It’s hard to believe that our assignment is nearing its end. It’s been a hectic few weeks, in a good way. We flew into Milan, and spent a few days assisting one of the local Chabad rabbis. We also spent a memorable weekend in Venice, where Chabad Rabbi Rami Banin hosts hundreds of tourists every Shabbat. We shared some Torah thoughts at the Shabbat meals and helped the guests feel at home. After Shabbat, we drove about four hours to Turin. In contrast to Milan and Venice, there is only a tiny Jewish community there. Turin would be our base, and from there we would travel to the nearby mountaintop villages visiting Jewish people.

Giaveno, Sant'ambrogio, Susa, Rivoli—working with addresses given to us by the Chabad rabbi, we sought out Jews in these towns, meeting them at their homes and businesses, and offering them a listening ear, a friendly Jewish-themed chat, and the opportunity to wear tefillin, light the Shabbat candles, or affix a mezuzah to their front door.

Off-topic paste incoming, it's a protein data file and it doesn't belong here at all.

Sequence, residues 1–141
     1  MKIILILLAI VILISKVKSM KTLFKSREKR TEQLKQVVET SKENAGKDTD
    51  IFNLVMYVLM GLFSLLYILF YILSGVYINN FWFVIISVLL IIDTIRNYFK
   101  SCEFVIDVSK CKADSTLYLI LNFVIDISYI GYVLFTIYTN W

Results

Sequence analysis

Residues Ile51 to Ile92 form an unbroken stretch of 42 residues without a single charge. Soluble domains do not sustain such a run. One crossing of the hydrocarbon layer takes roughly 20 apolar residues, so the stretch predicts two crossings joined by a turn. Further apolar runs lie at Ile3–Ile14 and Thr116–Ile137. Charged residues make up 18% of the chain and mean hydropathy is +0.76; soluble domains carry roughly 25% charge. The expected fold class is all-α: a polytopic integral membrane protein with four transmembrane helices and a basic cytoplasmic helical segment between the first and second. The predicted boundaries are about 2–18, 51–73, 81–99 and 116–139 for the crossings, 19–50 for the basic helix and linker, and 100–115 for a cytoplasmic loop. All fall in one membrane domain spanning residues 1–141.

Alberto and Silvia are an elderly couple who live in Cuneo, a small town 60 miles south of Turinmwith only a handful of Jewish residents. Armed with only the name of their street, we began to drive. We had contacted their daughter beforehand, and she told us not to bother—they were too old and wouldn’t appreciate our efforts. But she didn’t understand our M.O.— appreciation is nice, but our goal is to reach and impact Jews.

We found their street easily, parked the car, and began searching for their building. We realized that we were in trouble. Both sides of the street were lined with multi-story buildings, and we had no idea which one Alberto and Silvia called home. We could contact their daughter again, but that would mean another lecture. Just then, a woman passed by.

“Excuse me, would you perhaps know where Alberto and Silvia live?”

“Yes of course, they are my neighbors!” If she was surprised at our appearance, she hid it well. “You want to visit them? Come with me, I’ll take you.”

We were struck by this display of Divine Providence as we followed her into the building, and watched her open all the doors, and lead us straight into their home. It would have been nearly impossible to locate and enter the building and find the right apartment on our own. And contrary to their daughter’s predictions, Silvia greeted us happily. While her husband was resting, we talked with her, somehow getting into a deep chassidic discussion of the two souls every Jew possesses. Alberto awoke, and we all had a nice conversation. He too, was glad that we had made the trek to see them. Eventually, we helped him put tefillin. He is 95 years old. May G‑d grant them much health and happiness!